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What are the things No.24 Wisconsin needs to do to win the Big Ten tournament in Washington D.C.?

Before No.24 Wisconsin plays in the Big Ten tournament at the Verizon Center Friday evening, here are the three questions we're looking to have answered.

Wisconsin was able to end the conference regular season on a high note, taking care of business by beating Minnesota Sunday to secure the No. 2 seed in the Big Ten tournament. Despite going through a rough patch in the month of February, and losing to Iowa to begin March, Wisconsin’s win over the Gophers certainly could provide the spark the Badgers need to have success in Washington.

In the win against Minnesota, the Badgers put together a strong second half on offense and were equally impressive on the defensive side of the floor throughout the game in holding a strong offense to 49 points. If Wisconsin can combine those kinds of performances, the Badgers will give themselves a chance to have a successful trip to D.C.   

In this Badger Nation feature, we will look at the three keys or questions for Wisconsin (23-8) as it strives to win a fourth Big Ten tournament championship.


Wisconsin’s defense may have struggled in February but the Badgers still finished first in scoring defense (63.2 points per game), third in field goal percentage defense (41.6 percent), third in steals (7.2 steals per game) and third in turnovers created (13.4 turnovers forced a game) over conference play.

Whether facing Iowa or Indiana Friday, Wisconsin knows it’ll be facing a talented offense. Iowa and Indiana both finished in the top seven of conference play in scoring offense, field goal percentage, and three point percentage.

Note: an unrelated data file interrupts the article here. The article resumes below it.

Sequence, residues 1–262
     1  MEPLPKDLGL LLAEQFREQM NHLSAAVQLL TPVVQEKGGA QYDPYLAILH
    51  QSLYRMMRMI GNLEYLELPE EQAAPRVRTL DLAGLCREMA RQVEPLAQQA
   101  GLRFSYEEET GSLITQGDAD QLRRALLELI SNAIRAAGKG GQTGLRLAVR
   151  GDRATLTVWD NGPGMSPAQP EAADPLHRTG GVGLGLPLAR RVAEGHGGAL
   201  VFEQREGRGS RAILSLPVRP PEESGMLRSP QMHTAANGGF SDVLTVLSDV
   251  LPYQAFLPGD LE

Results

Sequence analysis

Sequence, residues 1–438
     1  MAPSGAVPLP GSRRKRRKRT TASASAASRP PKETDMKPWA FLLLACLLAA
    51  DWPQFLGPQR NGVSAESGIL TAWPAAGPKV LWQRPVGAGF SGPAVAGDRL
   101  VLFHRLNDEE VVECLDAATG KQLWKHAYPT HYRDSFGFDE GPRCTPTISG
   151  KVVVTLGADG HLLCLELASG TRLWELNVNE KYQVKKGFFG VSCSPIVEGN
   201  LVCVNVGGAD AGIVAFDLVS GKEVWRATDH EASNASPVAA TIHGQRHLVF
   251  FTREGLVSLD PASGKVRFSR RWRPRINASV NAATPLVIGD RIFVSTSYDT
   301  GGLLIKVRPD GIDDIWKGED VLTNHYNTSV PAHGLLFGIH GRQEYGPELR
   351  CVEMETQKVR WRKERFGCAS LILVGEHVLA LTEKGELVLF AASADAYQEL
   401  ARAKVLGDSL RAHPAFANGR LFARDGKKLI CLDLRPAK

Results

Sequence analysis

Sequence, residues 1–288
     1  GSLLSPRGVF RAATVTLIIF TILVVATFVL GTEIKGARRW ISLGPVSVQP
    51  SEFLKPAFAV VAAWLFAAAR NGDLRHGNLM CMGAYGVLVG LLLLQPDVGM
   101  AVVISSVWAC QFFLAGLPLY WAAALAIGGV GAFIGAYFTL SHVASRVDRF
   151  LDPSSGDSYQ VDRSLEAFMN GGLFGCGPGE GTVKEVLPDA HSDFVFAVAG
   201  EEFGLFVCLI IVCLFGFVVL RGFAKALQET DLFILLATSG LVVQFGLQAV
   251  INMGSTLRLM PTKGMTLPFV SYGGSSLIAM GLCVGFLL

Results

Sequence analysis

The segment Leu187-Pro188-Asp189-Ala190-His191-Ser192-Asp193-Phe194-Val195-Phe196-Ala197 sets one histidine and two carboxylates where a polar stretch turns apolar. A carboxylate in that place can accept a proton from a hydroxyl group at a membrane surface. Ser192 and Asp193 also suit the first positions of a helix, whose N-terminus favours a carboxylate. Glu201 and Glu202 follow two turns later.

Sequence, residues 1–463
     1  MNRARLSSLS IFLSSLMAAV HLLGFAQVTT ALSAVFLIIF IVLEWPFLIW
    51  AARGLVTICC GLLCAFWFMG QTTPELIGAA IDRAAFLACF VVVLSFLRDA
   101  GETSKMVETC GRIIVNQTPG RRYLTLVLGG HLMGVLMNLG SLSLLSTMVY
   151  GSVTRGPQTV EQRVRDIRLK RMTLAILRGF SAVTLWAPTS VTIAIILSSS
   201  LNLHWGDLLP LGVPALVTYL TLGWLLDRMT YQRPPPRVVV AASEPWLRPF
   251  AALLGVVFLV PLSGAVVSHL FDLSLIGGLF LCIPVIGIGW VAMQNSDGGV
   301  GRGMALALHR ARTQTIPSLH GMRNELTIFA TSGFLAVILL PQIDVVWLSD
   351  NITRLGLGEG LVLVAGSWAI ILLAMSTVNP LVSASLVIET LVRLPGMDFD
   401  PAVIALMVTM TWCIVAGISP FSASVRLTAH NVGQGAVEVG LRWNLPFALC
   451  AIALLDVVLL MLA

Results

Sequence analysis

Wisconsin has done well of limiting teams in the paint over Big Ten play, but the Badgers have struggled to defend the 3-point line, finishing 13th in the league with a 40.4 opponent shooting percentage. In the lone match-up against Iowa last Thursday, the Badgers allowed the Hawkeyes to shoot 47.4 percent (9-for-19) from three. In the two games against Indiana, the Hoosiers went a combined 12-for-35 (34.2 percent) from three.

There are other challenges to consider should Wisconsin survive. A semifinal game likely against Maryland or Northwestern will mean the Badgers will contend with talented point guards (Maryland’s Melo Trimble and Northwestern’s Bryant McIntosh). UW held both teams under their scoring average, but the Wildcats shot 44.8 percent in their win at the Kohl Center and McIntosh had 25 points.

If Wisconsin can build off of its defensive performance from Sunday and remain strong in defending the paint, the Badgers will give themselves the chance of preventing teams from creating a balance on offense.


Consistently facing double teams on offense prevented Ethan Happ from being the kind of player he was earlier in the year. Still named a first-team All-Big Ten player, Happ had five single-digit scoring games in the last nine outings compared to having only five games below 10 points in Wisconsin’s first 22 games. But when Happ had success scoring over the last nine games, he capitalized in a big way with three performance of at least 20 points.

In order for Wisconsin to be a true threat offensively, it needs to have Happ to find success in the lane and around the rim. Struggling to complete plays in the paint, Happ has averaged 12.3 points over the last nine games and shot 52.8 percent on an average of 9.6 field goal attempts a game.

In Happ’s two games against the Hoosiers, the sophomore averaged 19.5 points per game and shot above 72 percent in both UW wins. The Hawkeyes’ youth had better success, holding Happ to 11 points on 5-for-9 shooting from the field.